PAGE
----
SC-1-class submarine chaser

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USS SC-2.jpg
Class overview
General characteristics
TypeSubmarine chaser
Displacement85 tons full load, 77 tons normal load
  • 110 ft (34 m) oa
  • 105 ft (32 m) pp
Beam14 ft 9 in (4.50 m)
Draft5 ft 7 in (1.70 m)
PropulsionThree 220 bhp (160 kW) gasoline engines, 2400 gallons fuel
Speed18 kn (33 km/h)
Range1,000 nmi (1,900 km) at 12 kn (22 km/h)
Sensors and
processing systems
One Submarine Signal Company S.C. C Tube, M.B. Tube, or K Tube hydrophone

The SC-1 class was a large class of submarine chasers built during World War I for the United States Navy. They were ordered in very large numbers in order to combat attacks by German U-boats, with 442 boats built from 1917 to 1919.


In 1916, the then Assistant Secretary of the Navy, Franklin D. Roosevelt ordered the US Navy to design a small anti-submarine vessel that could be built quickly in small civilian boatyards, as if war came, larger shipyards would be busy building larger warships.[1] Consideration was given to adopting an 80 ft (24 m) wooden Motor Launch built in large numbers by ELCO for the British Royal Navy, but the General Board of the United States Navy thought that these boats were too small to be effective seaboats. The task of designing the new type was given to an experienced designer of small boats, Albert Loring Swasey.[N 1] He drew up a design for a 100 ft (30 m) wooden boat, emphasizing seaworthiness over speed. At first it was intended to use two 300 brake horsepower (220 kW) engines, but a shortage of these engines resulted in the design being changed to use three 220 hp (160 kW) gasoline engines.[1][2]

Diagram of SC-1-class submarine chaser

Armament was initially planned to be two 3-inch (76 mm) guns, but the aft gun was usually replaced by a depth charge thrower to attack submerged submarines,[1] with two Colt machine guns completing the armament. Many boats were fitted with hydrophones for detecting underwater noises, with either a K-tube fish-type device of 30-mile (48 km) range or SC and MB tubes of 5-mile (8.0 km) range.[3]

An initial order of 345 SC boats placed in 1917 was planned to be delivered by the end of 1917, with further orders for the French Navy pushing the total ordered up to 448.[2]

Operational history[edit]

Deliveries started in July 1917,[2] with deliveries continuing into 1919,[3] with 441 boats built, and the remaining seven boats canceled.[2] One hundred were sold to France,[4] and a further 121 US Navy SC boats were deployed to Europe to operate off Britain and France and in the Mediterranean, where they supported the Otranto Barrage with the remaining US Navy boats operating off the East Coast of the United States.[1]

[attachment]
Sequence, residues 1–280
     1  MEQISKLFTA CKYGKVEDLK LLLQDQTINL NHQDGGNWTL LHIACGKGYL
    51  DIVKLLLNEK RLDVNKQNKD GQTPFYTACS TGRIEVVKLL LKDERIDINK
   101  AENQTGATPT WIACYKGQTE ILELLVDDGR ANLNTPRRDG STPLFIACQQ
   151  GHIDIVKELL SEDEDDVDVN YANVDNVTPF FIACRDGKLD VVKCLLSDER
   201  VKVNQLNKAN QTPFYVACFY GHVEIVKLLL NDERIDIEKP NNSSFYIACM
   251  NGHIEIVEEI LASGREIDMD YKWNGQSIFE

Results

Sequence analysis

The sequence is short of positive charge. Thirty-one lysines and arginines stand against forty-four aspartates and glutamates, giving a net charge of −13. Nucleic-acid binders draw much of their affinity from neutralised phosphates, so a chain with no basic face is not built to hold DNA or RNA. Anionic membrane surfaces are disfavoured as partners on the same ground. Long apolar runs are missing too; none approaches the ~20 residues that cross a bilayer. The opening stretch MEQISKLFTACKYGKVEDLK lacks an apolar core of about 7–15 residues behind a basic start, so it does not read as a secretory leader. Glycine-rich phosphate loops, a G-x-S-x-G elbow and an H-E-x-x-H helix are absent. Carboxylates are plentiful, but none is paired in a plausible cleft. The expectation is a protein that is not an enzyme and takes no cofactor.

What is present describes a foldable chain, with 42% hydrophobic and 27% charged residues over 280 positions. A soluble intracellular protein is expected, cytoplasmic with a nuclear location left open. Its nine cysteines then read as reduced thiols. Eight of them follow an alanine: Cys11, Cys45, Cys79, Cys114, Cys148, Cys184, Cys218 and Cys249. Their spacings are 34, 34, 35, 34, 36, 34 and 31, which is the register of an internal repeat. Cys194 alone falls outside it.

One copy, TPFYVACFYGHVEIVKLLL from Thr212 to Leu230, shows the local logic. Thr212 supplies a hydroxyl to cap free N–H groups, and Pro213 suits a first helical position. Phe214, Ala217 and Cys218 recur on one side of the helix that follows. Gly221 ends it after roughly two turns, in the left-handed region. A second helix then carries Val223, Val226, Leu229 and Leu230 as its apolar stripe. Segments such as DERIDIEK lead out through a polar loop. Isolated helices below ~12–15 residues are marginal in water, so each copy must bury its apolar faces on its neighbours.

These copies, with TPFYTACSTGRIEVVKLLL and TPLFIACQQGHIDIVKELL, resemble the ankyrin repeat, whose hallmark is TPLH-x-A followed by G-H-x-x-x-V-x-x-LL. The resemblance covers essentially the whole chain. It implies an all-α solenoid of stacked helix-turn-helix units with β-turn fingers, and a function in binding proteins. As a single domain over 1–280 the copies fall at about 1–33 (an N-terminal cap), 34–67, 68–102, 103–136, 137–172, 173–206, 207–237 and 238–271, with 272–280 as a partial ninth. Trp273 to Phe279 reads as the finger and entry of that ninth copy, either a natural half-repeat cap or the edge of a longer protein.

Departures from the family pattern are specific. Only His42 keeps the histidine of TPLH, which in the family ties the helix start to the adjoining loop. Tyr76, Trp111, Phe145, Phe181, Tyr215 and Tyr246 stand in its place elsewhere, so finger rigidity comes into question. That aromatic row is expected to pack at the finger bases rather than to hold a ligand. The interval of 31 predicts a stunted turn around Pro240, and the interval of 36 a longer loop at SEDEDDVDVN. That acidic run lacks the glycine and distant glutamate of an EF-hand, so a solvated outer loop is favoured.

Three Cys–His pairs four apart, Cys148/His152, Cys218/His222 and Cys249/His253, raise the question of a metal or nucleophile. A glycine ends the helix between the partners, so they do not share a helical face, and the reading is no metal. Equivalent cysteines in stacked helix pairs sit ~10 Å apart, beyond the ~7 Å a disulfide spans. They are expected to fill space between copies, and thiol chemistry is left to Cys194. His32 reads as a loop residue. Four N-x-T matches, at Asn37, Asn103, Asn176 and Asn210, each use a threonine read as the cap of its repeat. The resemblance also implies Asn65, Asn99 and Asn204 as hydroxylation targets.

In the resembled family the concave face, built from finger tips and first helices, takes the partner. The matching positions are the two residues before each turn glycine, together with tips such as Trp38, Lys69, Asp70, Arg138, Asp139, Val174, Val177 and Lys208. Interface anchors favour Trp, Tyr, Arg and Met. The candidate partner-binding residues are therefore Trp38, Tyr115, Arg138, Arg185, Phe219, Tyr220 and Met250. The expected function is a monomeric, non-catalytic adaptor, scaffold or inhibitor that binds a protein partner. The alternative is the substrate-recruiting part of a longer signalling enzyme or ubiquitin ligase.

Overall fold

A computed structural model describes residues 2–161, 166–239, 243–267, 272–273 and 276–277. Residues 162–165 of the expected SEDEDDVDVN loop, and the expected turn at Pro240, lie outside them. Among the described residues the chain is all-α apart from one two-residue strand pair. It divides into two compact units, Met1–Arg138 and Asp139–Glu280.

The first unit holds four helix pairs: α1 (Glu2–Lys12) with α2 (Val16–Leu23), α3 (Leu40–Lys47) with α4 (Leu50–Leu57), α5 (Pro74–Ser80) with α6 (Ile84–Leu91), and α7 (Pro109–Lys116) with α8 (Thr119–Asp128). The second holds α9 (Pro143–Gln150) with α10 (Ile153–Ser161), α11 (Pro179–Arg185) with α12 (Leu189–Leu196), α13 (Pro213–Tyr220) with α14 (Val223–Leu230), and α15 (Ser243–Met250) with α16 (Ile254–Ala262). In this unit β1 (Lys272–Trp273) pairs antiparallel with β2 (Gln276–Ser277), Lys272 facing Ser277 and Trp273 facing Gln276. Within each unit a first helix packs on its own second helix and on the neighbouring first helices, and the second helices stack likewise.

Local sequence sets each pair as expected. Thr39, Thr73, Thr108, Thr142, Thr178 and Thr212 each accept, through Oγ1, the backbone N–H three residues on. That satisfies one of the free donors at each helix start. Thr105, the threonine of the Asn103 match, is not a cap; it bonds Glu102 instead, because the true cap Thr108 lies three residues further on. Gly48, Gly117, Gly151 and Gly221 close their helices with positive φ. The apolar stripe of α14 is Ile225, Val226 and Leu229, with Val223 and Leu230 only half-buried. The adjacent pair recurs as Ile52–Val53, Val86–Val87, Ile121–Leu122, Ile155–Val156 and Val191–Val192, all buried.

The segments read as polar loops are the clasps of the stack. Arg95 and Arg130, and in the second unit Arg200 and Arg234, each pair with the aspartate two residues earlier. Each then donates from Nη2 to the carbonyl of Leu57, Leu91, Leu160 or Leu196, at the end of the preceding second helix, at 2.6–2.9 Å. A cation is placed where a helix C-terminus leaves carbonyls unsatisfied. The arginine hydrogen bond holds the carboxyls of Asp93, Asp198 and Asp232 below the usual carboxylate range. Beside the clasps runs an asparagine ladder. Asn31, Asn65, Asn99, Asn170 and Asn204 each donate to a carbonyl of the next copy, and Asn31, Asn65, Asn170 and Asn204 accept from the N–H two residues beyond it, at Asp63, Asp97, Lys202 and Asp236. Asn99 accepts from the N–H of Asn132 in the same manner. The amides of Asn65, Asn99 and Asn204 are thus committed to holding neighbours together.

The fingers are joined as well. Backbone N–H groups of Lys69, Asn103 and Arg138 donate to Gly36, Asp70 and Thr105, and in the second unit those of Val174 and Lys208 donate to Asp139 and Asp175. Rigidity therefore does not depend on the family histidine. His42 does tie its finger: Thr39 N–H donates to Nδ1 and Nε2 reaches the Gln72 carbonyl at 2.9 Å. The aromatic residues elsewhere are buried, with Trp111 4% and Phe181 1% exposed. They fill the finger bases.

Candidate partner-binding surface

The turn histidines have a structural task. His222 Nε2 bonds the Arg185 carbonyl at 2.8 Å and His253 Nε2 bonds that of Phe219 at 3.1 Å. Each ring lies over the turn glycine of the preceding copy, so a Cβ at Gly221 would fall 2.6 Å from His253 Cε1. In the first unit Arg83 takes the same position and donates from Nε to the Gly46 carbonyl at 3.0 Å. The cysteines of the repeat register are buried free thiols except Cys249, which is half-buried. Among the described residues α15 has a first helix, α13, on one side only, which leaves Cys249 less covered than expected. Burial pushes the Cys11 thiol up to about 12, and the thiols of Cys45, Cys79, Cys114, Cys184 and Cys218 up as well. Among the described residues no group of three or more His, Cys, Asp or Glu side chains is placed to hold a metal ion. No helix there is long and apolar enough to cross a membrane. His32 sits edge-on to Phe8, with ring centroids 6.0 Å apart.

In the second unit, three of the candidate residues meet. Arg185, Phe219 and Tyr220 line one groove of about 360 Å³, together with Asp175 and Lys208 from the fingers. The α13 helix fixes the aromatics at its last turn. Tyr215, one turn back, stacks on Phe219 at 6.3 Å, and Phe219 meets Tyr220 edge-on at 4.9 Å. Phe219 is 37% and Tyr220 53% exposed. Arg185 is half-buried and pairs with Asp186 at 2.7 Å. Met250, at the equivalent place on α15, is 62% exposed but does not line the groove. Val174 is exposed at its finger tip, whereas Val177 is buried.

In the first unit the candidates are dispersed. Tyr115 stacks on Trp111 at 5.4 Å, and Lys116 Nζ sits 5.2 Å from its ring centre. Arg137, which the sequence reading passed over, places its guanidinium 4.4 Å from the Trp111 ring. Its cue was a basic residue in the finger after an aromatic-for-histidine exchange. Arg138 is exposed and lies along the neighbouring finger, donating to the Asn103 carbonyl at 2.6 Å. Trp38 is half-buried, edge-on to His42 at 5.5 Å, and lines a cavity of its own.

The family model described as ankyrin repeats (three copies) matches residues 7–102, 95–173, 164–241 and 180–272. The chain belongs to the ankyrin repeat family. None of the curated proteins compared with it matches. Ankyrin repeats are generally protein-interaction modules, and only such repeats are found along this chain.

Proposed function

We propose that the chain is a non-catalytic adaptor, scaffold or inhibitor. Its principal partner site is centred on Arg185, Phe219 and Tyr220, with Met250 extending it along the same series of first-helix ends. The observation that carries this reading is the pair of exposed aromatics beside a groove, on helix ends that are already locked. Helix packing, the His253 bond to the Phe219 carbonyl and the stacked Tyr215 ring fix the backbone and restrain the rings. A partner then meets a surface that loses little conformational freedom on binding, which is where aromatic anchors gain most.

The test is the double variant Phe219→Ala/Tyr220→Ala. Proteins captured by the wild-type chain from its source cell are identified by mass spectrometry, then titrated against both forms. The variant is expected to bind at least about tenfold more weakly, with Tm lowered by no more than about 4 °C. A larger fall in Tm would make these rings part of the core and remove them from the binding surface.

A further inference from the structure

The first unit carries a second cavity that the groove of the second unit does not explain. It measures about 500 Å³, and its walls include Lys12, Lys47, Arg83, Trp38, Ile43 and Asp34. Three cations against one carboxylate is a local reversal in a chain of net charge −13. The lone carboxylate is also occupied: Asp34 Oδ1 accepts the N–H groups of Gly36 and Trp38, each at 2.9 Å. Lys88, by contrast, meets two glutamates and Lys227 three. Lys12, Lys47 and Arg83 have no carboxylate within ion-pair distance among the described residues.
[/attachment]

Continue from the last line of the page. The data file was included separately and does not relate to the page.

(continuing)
The US Navy lost six SC boats during World War I;[3] USS SC-60 lost in collision with the tanker Fred M. Weller on 1 October 1918,[5][6] USS SC-117 in a fire on 22 December 1917,[7] USS SC-132 was lost in collision on 5 June 1918,[7] USS SC-187 in a collision on 4 August 1918,[7] USS SC-209 by friendly fire from the trawler Felix Taussig on 27 August 1918[8][9] and USS SC-219 by fire on 19 February 1918.[8][10] France lost three SC-boats.[4]

Submarine chaser SC-405 at Brest, France, December 1918

Following the end of the war, four boats (USS SC-274, USS SC-302, USS SC-311 and USS SC-312) were transferred to Cuba, while 14 boats were transferred to the United States Coast Guard in 1919–1920.[2] Eight of the French SC boats remained in service at the outbreak of World War II.[11]

In 1920 SC 292 sold commercial becoming Trawler "Chief Seattle", SC 293 becoming Trawler " George L. Harvey", and SC 300 becoming Trawler "Joseph Kildall'.[12]

By December 1941, only 11 boats remained in US Navy service, with two continuing in use until at least April 1945.[13]

Two boats were sold to the Bulgarian Navy and saw action in World War II, sinking one Soviet submarine.


See also[edit]



  1. ^ Swasey also designed the similar SC-497-class submarine chasers of World War II.[2]


  1. ^ a b c d Treadwell, Theodore R. "Subchasers of World War I". Splinter Fleet. Retrieved 4 March 2011.
  2. ^ a b c d e f Gardiner and Gray 1985, pp. 132–133.
  3. ^ a b c Moore 1990, p. 152.
  4. ^ a b Moore 1990, p. 197.
  5. ^ "Hull Number: SC 60". The Subchaser Archives. Retrieved 4 March 2011.
  6. ^ "SC-1 through SC-100". Dictionary of American Naval Fighting Ships. Retrieved 5 June 2015.
  7. ^ a b c "SC-101 through SC-200". Dictionary of American Naval Fighting Ships. Retrieved 5 June 2015.
  8. ^ a b "SC-201 through SC-300". Dictionary of American Naval Fighting Ships. Retrieved 5 June 2015.
  9. ^ "Hull Number: SC 209". The Subchaser Archives. Retrieved 4 March 2011.
  10. ^ "Hull Number: SC 209". The Subchaser Archives. Retrieved 4 March 2011
  11. ^ Gardiner and Chesneau 1980, p. 259.
  12. ^ "American Marine Engineer August-September, 1920". National Marine Engineers Beneficial Association of the United States. Retrieved 24 August 2020 – via Haithi Trust.
  13. ^ Friedman 1987, p. 32.


  • Friedman, Norman. U.S. Small Combatants. Annapolis, Maryland, USA: Naval Institute Press, 1987. ISBN 0-87021-713-5.
  • Gardiner, Robert and Randall Gray (eds). Conway's All The World's Fighting Ships 1906–1921. London: Conway Maritime Press, 1985. ISBN 0-85177-245-5.
  • Gardiner, Robert and Roger Chesneau (eds.) Conway's All The World's Fighting Ships 1922–1946 London: Conway Maritime Press, 1980. ISBN 0-85177-146-7.
  • Halpern, Paul G. A Naval History of World War I. London: UCL Press, 1995. ISBN 1-85728-498-4.
  • Halpern, Paul G. The Naval War in the Mediterranean 1914–1918. Annapolis, Maryland, USA: Naval Institute Press, 1987. ISBN 0-87021-448-9.
  • Moore, John. Jane's Fighting Ships of World War I. London: Studio, 1990. ISBN 1-85170-378-0.

External links[edit]